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Practical quantum technologies tackling today’s security problems

discs connected by points and lines
The IOP Lancashire and Cumbria Branch Committee, would like to welcome members to the first of their lecture series. 
Speaker: Professor Robert Young FHEA

Modern society is underpinned by digital technology and information that is becoming increasingly vulnerable to attack, with massive data breaches on the rise. Quantum security harnesses the fundamental behaviour of electrons and light to provide novel functionality; provably secure communications, truly random number generation (for keys and passwords) and authentication for devices at the atomic scale.

In this talk Professor Robert Young FHEA will introduce how quantum technology can be applied to security, and give an overview of some of the contributions that Lancaster’s research has made to the field. Through a Lancaster-based spin-out, Quantum Base, we are bringing this technology to market, including a smartphone-readable labelling technology (Q-IDs) for anti-counterfeiting, which Professor Young will demonstrate in the talk.

About the speaker: 

Professor Robert Young FHEA is an Chief Scientist at Quantum Base Ltd, and a Professor of Quantum Technology at Lancaster University. He is an experimental physicist with a passion for developing practical applications of quantum technologies. The last decade saw the beginning of another new generation of technology, one that is underpinned by the quantum nature of the devices. This technology will have a huge impact on our lives in many ways; the first being to enable truly secure communications.

His contribution in this exciting new field was seeded by a Master’s degree in physics from Oxford University (2002), before moving to Cambridge to complete a PhD in experimental quantum information processing. Here he was part of the world-leading Semiconductor Physics Group, led by Prof. Sir Michael Pepper. For his PhD he won two awards, from the Institute of Physics and an EU network, for the development of the first simple device capable of emitting entangled photons, a cornerstone of quantum physics.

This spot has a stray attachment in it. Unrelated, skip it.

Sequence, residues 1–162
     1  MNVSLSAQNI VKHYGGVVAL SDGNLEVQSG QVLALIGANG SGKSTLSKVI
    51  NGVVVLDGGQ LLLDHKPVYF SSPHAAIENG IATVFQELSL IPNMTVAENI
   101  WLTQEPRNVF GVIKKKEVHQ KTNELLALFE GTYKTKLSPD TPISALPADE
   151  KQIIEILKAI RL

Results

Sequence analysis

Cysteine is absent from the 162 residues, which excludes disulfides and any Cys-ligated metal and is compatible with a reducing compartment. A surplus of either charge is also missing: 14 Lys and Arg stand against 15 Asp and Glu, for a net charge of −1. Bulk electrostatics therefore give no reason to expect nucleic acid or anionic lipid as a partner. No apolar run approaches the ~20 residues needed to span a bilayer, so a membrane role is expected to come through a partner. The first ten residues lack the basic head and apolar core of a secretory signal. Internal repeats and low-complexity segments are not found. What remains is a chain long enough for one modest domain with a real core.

In 2005 he joined Toshiba Research Europe Ltd as a research scientist, developing another crucial element for quantum technologies, a memory element for quantum states. In 2008 he moved to Tyndall National Institute in Cork, Ireland, creating next-generation light sources and a technique to distribute quantum information on standard fibre networks, a vital development for the mass-adoption of this technology.

He then returned to the UK, taking an academic position at Lancaster University. In 2012 he was awarded a prestigious Royal Society Research Fellowship, investigating novel practical systems for quantum information processing. He currently heads a group focused on this nascent field, with support from numerous funding agencies.

To date, he has authored 70 publications (papers and patents), garnering over 2,000 citations and attracting the attention of numerous news outlets and international newspapers, an exceptional achievement in his relatively short career.

There will be an opportunity to network with fellow members of the IOP, and the regional committee and an opportunity for you to share what you would like the region to focus on.